The other family I met for lunch the next day. This fellow received a quilt and laundry bag back in February 2013. Angela had emailed me with a photo of a laundry bag featuring big fish and asked me to find a suitable recipient for it. Next thing I knew a wife, called Melissa, contacted me requesting a quilt and laundry bag for her husband.
Now, I never name the recipients on the blog so I can’t tell you what their surname is but suffice to say that it immediately made me think of Angela’s fishy laundry bag. If your name is Bell or Green or Frost you are likely to receive an appropriate laundry bag if I am in the right mood. Sometimes I just can’t keep the sense of humour down. This time was one of those times. I did ask Melissa if she thought her husband would get the joke and she thought he would.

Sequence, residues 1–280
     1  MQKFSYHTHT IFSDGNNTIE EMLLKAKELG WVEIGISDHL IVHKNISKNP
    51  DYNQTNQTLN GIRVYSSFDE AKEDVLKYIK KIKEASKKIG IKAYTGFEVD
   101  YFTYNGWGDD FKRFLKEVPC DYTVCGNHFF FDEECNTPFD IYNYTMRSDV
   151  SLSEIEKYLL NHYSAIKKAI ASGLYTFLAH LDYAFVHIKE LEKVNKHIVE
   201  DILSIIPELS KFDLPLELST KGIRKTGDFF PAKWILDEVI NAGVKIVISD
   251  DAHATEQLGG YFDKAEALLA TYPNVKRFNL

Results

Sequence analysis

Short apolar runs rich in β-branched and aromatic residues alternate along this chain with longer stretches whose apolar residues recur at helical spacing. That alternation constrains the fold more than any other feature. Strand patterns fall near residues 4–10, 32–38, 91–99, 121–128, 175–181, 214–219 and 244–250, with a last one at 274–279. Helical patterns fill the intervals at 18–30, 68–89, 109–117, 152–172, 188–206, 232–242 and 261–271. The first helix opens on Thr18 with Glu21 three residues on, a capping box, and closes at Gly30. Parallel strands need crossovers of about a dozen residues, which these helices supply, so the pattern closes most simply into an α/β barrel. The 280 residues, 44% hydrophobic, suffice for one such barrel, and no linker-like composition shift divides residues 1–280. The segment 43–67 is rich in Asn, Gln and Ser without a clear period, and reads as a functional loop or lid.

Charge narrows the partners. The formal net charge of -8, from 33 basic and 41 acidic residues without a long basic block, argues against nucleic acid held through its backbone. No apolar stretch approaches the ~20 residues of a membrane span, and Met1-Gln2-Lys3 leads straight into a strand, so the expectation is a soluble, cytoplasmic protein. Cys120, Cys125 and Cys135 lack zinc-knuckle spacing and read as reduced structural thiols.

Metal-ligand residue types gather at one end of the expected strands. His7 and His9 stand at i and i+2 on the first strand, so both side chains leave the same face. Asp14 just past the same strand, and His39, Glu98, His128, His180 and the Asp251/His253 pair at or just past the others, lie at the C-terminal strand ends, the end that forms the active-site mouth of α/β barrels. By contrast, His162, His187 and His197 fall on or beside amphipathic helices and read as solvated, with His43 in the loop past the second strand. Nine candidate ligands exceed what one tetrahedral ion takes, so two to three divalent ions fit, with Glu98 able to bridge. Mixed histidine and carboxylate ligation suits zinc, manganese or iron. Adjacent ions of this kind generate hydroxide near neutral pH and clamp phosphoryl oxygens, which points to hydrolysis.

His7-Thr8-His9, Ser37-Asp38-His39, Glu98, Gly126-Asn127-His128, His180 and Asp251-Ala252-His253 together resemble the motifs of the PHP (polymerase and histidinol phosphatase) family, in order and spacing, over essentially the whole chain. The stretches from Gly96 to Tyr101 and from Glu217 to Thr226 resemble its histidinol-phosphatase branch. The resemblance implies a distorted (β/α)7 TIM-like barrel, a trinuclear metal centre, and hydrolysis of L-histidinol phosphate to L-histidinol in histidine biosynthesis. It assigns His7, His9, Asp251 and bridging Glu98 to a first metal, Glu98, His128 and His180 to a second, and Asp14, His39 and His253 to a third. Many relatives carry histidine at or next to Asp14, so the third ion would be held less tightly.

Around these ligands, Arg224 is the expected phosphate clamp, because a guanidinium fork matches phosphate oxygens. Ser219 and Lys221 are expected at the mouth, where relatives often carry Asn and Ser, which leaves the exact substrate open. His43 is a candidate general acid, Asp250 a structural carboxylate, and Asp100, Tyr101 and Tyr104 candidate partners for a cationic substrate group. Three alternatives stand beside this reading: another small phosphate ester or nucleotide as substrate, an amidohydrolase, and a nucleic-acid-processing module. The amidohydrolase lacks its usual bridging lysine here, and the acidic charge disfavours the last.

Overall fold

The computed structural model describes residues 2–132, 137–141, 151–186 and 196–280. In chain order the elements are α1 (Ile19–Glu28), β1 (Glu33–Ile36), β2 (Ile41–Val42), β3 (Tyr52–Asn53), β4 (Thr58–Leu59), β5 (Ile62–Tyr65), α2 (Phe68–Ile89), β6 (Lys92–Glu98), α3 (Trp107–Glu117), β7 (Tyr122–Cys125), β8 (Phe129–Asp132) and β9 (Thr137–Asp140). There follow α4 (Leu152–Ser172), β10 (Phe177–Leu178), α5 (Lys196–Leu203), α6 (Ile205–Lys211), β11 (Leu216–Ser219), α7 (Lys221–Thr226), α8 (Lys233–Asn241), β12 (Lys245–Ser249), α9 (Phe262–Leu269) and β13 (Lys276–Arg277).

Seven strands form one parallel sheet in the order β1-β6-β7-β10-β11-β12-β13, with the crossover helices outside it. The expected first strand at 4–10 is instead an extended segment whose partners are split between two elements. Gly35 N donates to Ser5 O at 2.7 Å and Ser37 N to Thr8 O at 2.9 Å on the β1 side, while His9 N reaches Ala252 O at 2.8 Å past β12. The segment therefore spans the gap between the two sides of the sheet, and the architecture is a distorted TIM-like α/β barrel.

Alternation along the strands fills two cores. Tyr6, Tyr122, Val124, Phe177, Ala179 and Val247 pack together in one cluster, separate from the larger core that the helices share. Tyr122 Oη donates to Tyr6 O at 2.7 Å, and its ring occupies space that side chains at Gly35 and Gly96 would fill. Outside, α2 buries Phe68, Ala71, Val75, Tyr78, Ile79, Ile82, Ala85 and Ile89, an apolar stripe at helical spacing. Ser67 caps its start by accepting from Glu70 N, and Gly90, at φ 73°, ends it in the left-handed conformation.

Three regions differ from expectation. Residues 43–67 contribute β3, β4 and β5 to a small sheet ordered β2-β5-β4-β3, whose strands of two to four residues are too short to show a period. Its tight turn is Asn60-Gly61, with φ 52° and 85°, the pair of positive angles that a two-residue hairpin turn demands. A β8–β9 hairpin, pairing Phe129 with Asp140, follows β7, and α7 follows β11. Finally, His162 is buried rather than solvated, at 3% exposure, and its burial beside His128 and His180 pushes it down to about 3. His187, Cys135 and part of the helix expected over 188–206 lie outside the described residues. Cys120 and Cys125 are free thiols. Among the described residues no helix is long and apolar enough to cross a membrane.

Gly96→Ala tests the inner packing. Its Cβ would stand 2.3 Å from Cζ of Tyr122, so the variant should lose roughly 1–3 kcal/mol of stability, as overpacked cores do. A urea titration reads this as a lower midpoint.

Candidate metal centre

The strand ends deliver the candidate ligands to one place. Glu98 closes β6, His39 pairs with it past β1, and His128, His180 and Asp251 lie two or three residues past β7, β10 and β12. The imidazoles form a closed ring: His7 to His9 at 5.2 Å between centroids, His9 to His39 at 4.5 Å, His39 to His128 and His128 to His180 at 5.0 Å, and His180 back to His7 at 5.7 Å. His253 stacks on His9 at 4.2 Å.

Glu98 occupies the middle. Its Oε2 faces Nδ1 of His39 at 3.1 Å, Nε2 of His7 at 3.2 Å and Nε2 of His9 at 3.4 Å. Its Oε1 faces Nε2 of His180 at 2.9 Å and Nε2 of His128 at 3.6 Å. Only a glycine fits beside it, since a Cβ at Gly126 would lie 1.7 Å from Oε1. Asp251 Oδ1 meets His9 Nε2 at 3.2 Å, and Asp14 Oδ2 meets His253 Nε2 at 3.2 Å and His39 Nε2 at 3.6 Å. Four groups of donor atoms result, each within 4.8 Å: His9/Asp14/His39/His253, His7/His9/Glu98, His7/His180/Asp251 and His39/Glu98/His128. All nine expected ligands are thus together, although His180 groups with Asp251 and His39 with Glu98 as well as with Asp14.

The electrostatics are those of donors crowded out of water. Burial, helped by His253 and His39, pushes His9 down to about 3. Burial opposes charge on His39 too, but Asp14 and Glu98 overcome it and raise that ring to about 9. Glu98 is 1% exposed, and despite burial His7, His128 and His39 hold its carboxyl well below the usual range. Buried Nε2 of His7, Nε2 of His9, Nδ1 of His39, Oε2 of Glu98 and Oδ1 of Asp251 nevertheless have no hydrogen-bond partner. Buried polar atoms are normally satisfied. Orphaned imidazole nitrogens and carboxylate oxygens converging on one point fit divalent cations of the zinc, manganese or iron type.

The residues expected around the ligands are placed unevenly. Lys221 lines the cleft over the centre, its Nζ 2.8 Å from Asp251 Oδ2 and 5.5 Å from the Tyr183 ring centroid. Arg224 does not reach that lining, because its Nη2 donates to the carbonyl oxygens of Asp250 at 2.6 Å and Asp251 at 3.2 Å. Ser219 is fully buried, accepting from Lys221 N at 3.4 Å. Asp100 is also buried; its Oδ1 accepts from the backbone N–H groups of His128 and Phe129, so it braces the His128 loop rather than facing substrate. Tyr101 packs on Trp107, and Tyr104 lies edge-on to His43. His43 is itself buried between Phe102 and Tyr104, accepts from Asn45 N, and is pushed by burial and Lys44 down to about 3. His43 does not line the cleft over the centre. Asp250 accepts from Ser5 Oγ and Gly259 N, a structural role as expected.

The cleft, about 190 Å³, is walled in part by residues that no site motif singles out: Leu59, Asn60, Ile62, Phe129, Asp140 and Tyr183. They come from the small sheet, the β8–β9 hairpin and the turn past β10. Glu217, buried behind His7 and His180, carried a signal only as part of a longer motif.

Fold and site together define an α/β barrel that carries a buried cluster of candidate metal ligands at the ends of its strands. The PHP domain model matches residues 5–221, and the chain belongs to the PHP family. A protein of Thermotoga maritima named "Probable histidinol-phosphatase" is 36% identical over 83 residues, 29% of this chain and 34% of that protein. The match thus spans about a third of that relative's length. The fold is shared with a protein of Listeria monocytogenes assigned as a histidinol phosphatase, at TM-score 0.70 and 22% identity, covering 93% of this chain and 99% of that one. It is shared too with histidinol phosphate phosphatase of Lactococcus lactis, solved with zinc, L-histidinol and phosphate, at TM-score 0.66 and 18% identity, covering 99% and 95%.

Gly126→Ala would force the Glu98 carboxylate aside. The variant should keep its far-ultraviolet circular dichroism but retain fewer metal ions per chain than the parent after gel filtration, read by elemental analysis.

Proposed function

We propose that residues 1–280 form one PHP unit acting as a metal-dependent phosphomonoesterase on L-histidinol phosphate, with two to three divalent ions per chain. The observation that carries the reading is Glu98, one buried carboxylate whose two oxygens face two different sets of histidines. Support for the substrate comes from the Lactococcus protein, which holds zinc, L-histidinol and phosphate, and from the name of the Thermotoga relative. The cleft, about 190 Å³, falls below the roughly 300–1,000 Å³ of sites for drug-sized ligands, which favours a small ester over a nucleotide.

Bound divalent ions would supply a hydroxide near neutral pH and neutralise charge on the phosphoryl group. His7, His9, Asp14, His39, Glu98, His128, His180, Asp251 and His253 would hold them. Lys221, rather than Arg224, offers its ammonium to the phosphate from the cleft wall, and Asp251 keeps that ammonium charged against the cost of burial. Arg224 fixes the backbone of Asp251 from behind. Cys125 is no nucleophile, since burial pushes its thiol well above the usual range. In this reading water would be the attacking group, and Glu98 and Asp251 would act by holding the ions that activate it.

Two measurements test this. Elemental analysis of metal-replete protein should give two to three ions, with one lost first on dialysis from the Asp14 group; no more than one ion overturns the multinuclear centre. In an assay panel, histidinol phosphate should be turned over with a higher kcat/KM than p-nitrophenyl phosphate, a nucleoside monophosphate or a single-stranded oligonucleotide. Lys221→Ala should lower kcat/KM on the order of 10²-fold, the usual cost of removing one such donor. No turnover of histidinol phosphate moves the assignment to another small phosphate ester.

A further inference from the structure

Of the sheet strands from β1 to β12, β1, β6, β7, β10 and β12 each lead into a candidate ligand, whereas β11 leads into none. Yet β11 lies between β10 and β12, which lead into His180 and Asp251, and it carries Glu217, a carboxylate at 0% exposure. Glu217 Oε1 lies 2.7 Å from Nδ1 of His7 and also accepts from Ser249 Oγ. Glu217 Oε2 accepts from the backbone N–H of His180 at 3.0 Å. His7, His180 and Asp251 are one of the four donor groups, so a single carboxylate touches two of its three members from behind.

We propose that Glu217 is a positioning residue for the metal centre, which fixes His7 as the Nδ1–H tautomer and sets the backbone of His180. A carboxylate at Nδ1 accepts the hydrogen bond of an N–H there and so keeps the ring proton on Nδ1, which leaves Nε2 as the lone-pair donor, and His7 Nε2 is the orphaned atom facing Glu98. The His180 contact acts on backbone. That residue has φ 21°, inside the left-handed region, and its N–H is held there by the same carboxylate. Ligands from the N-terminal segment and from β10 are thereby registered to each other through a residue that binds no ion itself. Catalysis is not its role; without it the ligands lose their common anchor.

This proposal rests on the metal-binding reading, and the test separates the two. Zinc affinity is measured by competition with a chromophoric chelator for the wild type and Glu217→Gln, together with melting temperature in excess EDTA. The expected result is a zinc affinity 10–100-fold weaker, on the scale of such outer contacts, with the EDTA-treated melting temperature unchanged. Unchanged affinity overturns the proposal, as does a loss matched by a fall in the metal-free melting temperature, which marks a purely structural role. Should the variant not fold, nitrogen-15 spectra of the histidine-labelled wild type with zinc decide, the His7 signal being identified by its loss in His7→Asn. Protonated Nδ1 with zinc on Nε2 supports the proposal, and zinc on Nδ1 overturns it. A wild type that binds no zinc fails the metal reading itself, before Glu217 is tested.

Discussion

At the same time Liz had been given some material with cigars on it and she had cut it up nice and small so that the cigars were not toooo noticeable and made a really lovely quilt. We decided to send it to Melissa’s husband and it turns out that he was known to partake of the odd cigar so it wasn’t too far from the mark.
Melissa and I have kept in touch sporadically over the time but I had not realised that they had relocated to Wagga. It was great to be able to meet up and sit and have a chat. Great also to meet the whole family.
I had a great weekend but as always it was great to be home again.
Now I am really looking foward to my visit to Townsville in a couple of weeks!
Till next time………………….keep spreading the word and happy stitching! JMxx